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The 411 on rash / skin irritation

Rocky Mountain Hospital for Children

When your child has a rash or skin irritation, it can sometimes be difficult to determine whether the best course of action is to treat the rash at home, call your pediatrician or seek emergency care. Common causes of rash may include allergic reactions to shampoos, soaps or detergents; reactions to viral infections; reactions to heat or cold; and reactions to stress or embarrassment. These non-emergency rash causes will generally respond to home care. 

However, if your child’s rash persists, call your pediatrician. With more serious rashes, you may need to seek emergency care. See below for guidance on when to take your child to the pediatric ER for a rash. 

If your child has these symptoms, emergency care may be necessary: 

Seek ER treatment if the rash is accompanied by any of the following: 

  • Shortness of breath
  • Skin peeling away or blisters in the mouth
  • Swelling or tightness in the throat
  • Areas of tenderness
  • Fever
  • Joint pain
  • Headache
  • Streaks of red
  • Abnormal bleeding or bruises under the rash 

Reactions to medication

If you believe your child has developed a rash as a reaction to a medication he or she is taking, immediately stop giving your child the medication and call your pediatrician. Do not resume giving your child the medicine until your pediatrician says it is okay.

Call your pediatrician if the rash does not go away

A recurring or persistent rash may indicate that your child has an ongoing allergic reaction or a skin condition (such as eczema or psoriasis). In this case, you may not need to take your child to the pediatric ER, but you should make an appointment to see your pediatrician. 

HealthONE has five pediatric emergency departments in the Denver metro area, so you are certain to find an ER that is close to home and able to diagnose and treat your child’s rash. Our hospitals strive to beat the national average wait time, so you can get quick access to high-quality emergency medical care.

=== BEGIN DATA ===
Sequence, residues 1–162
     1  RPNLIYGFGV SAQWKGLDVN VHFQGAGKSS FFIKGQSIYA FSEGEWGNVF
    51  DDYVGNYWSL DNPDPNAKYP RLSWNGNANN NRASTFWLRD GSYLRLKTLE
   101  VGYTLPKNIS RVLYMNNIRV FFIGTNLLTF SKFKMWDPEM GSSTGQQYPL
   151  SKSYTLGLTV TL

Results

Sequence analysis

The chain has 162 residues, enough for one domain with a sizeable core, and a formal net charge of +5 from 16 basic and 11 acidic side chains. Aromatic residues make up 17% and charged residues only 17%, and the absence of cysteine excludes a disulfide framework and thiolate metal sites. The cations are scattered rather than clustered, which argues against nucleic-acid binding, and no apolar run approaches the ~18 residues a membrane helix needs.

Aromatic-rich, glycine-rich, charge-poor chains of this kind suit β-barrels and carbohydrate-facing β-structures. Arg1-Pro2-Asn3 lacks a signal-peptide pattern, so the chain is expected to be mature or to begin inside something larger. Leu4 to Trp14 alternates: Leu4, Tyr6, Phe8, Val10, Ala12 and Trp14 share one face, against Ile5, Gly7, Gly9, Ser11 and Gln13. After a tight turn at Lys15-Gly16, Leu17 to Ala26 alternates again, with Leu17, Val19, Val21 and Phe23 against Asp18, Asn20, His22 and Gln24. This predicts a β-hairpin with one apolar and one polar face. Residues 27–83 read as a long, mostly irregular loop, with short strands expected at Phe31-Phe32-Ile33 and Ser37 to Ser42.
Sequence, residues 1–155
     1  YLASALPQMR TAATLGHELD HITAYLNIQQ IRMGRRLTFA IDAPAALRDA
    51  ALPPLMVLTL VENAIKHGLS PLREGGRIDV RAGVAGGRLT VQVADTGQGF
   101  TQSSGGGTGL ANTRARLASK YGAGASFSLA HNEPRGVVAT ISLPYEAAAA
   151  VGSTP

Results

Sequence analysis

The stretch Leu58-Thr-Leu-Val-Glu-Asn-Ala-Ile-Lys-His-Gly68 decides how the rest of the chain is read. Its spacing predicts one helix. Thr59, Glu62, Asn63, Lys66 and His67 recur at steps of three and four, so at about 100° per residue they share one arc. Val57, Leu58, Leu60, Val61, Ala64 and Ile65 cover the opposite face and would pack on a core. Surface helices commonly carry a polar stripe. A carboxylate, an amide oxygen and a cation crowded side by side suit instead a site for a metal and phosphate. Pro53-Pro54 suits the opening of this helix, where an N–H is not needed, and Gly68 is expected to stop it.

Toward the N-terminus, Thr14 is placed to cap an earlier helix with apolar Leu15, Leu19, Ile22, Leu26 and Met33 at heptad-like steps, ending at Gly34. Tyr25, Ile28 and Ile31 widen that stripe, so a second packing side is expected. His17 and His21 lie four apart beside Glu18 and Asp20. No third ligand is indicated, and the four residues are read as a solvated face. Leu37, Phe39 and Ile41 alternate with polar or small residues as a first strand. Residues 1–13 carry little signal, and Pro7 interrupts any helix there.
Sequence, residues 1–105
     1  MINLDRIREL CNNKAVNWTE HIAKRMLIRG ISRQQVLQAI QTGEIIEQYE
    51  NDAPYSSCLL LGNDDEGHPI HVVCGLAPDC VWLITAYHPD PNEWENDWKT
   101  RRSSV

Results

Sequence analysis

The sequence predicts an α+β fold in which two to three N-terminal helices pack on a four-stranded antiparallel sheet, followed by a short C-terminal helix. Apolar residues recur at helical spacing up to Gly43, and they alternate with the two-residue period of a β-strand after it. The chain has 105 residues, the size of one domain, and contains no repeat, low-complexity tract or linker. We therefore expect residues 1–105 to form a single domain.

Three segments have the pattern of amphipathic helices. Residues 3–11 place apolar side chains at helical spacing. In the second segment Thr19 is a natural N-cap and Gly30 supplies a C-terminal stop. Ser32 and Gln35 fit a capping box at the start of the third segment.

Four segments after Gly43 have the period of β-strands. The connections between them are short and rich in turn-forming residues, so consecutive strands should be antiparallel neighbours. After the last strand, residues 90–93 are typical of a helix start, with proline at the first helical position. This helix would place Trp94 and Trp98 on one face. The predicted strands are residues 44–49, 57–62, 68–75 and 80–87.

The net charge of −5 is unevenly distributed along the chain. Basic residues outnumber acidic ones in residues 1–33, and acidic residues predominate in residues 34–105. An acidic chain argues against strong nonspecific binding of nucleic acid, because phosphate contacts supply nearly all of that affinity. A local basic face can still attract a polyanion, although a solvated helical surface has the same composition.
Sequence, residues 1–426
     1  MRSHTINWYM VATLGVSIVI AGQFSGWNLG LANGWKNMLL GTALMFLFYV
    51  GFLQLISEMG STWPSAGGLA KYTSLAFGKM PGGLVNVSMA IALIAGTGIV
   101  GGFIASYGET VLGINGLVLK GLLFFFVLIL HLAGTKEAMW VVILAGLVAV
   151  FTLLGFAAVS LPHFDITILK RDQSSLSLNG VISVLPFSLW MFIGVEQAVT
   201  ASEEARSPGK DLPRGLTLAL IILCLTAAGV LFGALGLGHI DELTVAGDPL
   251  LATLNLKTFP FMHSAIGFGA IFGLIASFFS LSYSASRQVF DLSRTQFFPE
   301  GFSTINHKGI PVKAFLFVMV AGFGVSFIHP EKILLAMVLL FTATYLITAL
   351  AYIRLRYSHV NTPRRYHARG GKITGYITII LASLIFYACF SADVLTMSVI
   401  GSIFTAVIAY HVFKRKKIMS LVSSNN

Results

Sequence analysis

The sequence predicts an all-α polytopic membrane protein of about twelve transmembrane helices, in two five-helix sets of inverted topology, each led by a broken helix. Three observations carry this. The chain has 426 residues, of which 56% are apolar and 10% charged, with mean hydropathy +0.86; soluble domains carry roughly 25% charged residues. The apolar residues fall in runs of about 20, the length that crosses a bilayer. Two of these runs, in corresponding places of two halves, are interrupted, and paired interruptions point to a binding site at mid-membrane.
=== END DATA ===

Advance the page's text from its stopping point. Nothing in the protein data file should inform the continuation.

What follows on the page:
December 9, 2014 | By SCPaulsen | Category: District

District News

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DCSD is requesting parent input on the health and wellness of our students. Last year, DCSD received a large planning grant from Colorado Health Foundation in an effort to assess how the district supports students through the lens of the Whole School, Whole Community, Whole Child model (WSCC). The mission of this grant is to review the current state of DCSD's student health and wellness program, and then formulate a three to five-year plan based on stakeholders’ needs, the latest research, and best practices. As part of this process, we would like your input.

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It may look like a plain, white shipping container was just parked on the backyard grounds of Mountain Vista High School. The contents of the container are anything but plain, though. Walking inside the container, different colors of ambient lighting glow, futuristic-looking equipment and tall towers are suspended from the ceiling, and the humidity level is set to 70 percent. The container has been recycled into a new kind of learning opportunity for students.